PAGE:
Just got off the phone with tech support and was told that there was an update that went out this week, which explains why LogMeIn remote control is now broken on Chrome OS Although Chrome OS continues to not be officially supported by LogMeIn, it has worked flawlessly for the past few years. Unfortunately it now can't be run from within the browser on Chrome OS.
If you try to remote control a host now, you'll see a strange windowed interface that won't accept mouse or keyboard inputs, even though you can make the initial connection to the host system.
I don't understand LogMeIn's issue with supporting Chrome OS, it's had a checked past. It was never officially supported even though LogMeIn did provide a plugin for Chrome back in 2013, but that stopped when Chrome stopped working with plugins. Then after about six months, LogMeIn started working within the Chrome OS browser sometime in 2014, again even though it wasn't officially supported.
I realize that since it's not officially supported, there's not too much to discuss, I'm simply putting this information out there so that other Chromebook users like myself will know what's going on and not to waste any time on it.
Thank you for your post. I can confirm having the same experience and frustrations. That toolbar showed up today and Logmein no longer works with my Chromebook browser. The same issue on my phone when using the browser.
I experimented with a couple of trial Chrome Web Store extensions/apps that simluate running Internet Explorer on a Chromebook and although the login page wasn't rendered correctly and was fairly messed up, it was interesting that once I signed in, LogMeIn looked and worked just fine on my Chromebook.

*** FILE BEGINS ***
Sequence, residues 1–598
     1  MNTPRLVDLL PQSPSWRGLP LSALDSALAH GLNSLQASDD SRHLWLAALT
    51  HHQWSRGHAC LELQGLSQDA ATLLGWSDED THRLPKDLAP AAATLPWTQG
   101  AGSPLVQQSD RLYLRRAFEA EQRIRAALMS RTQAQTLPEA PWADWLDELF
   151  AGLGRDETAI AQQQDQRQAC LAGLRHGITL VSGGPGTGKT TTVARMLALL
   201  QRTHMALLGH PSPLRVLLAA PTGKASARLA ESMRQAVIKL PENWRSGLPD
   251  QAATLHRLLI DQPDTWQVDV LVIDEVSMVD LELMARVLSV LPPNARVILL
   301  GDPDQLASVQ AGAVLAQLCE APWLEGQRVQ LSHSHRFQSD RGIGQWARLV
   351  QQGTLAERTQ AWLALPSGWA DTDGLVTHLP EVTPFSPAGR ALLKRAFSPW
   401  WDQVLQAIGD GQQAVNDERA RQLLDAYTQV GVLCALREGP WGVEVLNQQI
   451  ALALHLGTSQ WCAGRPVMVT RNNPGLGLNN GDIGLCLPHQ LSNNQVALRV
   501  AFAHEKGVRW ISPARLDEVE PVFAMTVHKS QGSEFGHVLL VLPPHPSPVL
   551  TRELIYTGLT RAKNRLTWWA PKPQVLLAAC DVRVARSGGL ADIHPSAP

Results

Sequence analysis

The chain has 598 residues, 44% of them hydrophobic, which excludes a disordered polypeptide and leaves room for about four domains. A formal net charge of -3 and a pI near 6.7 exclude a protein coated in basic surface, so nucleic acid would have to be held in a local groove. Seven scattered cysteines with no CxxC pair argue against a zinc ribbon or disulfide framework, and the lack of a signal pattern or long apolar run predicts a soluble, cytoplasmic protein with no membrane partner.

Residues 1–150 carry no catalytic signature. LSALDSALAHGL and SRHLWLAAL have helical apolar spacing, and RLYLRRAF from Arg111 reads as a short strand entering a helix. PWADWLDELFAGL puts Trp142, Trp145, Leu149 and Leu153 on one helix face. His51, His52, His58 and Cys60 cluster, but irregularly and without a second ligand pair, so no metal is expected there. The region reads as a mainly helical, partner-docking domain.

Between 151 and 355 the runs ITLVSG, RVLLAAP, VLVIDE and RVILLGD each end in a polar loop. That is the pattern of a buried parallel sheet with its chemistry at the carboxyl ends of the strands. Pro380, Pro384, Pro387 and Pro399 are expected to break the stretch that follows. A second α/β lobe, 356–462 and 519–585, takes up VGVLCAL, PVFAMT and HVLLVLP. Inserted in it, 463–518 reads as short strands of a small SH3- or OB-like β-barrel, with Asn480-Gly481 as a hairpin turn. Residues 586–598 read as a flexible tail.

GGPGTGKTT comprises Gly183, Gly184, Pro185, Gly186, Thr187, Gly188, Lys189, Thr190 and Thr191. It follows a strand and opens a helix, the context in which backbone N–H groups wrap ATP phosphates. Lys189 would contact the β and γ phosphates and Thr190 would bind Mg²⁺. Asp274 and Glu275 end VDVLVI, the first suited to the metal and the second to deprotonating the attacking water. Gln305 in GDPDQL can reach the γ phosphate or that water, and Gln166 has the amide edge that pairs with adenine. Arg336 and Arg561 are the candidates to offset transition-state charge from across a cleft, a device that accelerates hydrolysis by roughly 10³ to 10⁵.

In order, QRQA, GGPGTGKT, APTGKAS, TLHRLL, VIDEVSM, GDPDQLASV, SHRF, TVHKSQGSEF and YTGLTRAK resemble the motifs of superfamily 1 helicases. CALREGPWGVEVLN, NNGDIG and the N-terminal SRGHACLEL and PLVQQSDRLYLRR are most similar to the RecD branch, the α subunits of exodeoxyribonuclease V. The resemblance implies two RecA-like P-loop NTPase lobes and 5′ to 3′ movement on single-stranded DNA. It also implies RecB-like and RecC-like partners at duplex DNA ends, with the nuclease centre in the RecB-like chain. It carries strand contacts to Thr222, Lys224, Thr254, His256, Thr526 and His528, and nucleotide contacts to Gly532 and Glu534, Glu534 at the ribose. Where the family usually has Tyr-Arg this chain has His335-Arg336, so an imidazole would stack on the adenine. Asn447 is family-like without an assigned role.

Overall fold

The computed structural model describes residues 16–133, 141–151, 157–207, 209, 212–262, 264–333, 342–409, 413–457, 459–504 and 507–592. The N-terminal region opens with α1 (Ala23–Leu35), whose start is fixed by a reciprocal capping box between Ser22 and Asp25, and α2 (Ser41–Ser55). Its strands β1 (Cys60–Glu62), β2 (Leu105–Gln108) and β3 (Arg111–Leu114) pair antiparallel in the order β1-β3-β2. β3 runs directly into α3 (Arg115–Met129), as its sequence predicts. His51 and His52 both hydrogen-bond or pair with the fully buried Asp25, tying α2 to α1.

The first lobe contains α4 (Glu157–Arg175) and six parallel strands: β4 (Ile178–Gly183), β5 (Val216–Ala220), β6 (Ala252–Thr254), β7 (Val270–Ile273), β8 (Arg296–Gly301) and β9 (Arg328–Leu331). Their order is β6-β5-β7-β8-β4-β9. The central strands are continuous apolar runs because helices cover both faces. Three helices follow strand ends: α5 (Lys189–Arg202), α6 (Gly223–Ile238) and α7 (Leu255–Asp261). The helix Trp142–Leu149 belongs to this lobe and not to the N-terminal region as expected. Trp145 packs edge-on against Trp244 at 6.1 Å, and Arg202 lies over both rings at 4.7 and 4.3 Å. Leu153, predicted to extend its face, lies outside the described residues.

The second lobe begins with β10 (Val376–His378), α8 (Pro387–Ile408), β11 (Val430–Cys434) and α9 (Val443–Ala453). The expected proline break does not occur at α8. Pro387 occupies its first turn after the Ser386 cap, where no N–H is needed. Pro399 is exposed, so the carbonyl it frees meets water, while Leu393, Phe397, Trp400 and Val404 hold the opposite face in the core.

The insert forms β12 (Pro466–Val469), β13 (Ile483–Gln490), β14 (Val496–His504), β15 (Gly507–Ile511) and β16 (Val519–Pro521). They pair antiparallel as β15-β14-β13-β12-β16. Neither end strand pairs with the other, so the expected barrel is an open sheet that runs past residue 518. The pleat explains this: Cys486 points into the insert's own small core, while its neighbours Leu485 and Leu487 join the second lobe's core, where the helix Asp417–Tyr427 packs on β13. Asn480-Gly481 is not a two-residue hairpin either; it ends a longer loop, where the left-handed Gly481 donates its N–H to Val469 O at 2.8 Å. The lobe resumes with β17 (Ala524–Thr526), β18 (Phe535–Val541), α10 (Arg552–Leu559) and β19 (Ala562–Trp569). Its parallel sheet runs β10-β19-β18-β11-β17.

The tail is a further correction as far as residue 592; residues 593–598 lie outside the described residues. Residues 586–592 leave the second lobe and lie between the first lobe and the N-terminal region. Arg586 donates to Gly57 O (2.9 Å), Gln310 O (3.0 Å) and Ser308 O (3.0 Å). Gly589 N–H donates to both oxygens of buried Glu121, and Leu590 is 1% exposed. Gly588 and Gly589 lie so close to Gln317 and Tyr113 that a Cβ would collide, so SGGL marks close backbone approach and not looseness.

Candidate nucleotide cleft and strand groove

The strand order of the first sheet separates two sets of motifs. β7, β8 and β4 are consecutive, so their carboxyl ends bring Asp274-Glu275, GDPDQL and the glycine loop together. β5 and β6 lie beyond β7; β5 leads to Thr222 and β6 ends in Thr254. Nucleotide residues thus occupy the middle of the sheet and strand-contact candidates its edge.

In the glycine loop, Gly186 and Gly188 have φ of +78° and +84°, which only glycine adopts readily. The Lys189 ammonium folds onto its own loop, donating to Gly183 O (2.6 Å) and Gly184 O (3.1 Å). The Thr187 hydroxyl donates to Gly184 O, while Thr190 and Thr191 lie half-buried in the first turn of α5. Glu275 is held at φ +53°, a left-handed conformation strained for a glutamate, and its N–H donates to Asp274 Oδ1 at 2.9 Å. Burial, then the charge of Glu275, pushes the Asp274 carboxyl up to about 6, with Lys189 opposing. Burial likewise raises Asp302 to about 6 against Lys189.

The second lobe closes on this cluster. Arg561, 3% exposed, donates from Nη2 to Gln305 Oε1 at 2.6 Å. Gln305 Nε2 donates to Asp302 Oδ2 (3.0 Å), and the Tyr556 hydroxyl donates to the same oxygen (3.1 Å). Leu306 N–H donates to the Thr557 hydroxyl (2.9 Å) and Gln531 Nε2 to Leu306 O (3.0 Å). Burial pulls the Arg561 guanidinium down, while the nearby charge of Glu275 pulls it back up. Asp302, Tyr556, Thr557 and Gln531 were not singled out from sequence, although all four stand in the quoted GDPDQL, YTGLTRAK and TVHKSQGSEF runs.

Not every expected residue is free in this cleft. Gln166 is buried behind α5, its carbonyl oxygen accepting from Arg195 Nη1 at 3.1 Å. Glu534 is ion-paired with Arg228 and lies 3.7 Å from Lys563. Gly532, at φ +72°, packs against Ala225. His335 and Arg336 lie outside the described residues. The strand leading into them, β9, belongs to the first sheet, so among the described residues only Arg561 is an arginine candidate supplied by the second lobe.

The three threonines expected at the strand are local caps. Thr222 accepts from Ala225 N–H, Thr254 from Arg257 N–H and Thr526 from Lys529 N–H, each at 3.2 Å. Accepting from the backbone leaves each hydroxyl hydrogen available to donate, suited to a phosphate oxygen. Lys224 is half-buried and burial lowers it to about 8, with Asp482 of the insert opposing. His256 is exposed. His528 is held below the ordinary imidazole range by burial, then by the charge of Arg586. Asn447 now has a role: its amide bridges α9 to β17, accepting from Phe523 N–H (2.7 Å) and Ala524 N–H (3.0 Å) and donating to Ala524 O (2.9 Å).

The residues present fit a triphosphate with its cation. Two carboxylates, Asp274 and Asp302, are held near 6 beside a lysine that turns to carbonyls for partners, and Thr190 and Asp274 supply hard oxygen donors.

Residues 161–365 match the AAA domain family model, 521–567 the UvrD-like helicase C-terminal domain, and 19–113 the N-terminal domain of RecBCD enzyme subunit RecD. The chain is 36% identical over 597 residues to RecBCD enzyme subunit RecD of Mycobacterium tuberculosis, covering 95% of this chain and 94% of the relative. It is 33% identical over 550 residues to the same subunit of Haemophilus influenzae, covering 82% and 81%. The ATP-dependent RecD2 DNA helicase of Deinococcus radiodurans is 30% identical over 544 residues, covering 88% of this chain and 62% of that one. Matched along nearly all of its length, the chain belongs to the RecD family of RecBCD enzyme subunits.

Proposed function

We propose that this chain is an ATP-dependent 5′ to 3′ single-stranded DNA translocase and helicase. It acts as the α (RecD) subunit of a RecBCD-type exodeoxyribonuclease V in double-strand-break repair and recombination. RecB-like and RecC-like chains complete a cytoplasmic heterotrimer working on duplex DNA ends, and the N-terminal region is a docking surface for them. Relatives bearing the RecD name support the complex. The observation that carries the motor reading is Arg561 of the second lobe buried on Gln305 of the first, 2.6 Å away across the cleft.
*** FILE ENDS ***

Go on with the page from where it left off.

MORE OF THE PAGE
To me LogMeIn's decision to not support ChromeOS is purely arbitrary as it works just fine if you can fool whatever system check is in place to see what browser/OS you're using. This is consistent with LogMeIn's position over the last four years. Even when the released a plugin for Chrome, they chose not to officially support it.
The support rep acted surprised that LogMeIn worked at all on ChromeOS for the past three years, almost as if it suggest I was just lucky. Seriously? Three years of flawless operation on an OS that went from version 35 to version 60 during that time isn't luck nor should it come as a "surprise".
My only question is how much is Microsoft paying LogMeIn to not work on ChromeOS anymore?
I had no idea this was an issue. I bought a chrome book primarly to use logmein. I just spoke with a tech person after being on hold for an hour. Should have searched here first.
Does anyone know if there any plans to "fix" this?
Are there any other logmein type products that work with chromebooks?
The answer from the rep I spoke to is, there are no plans for them to support ChromeOS. As I've alluded to in my previous posts, they've had a strange relationship with ChromeOS going back years. Even when they provided a plugin to make it work on ChromeOS, it still wasn't officially supported back in 2013. Figure that one out.
Does this mean that someday it might start magically working again on ChromeOS, one can only hope , but I'm not holding my breath. This breakage isn't because of a change in the ChromeOS itself that they have to catch up to. This is the result of an arbitrary change on the part LogMeIn.
If it were an issue with ChromeOS, then the extensions on the Chrome Webstore designed to mask the browser and make it look like you're running Internet Explorer wouldn't work.
Unfortunately I never found a solution. The Google produced agent switcher on the Chrome OS store doesn't work, nor did any of the other agent switchers I've tried. I had to abandon using a Chromebook for LogMeIn Central and went with a Dell Windows laptop.
I was told straight out that Logmein had no plans to support Chromebooks. I don't know if that's changed in the last fews months but I doubt it. When I mentioned the increased use of Chromebooks they very directly told me that it was a tiny percentage of users/PCs and basically said "tough luck"...
LogMeIn never officially supported ChromeOS, but did so with a Chrome plugin for years before it finally broke. The only hope is that if and when they finally move to an HTML5 viewer that it will be more platform independent. Of course that's been in development for a long time already and who knows when we'll see it.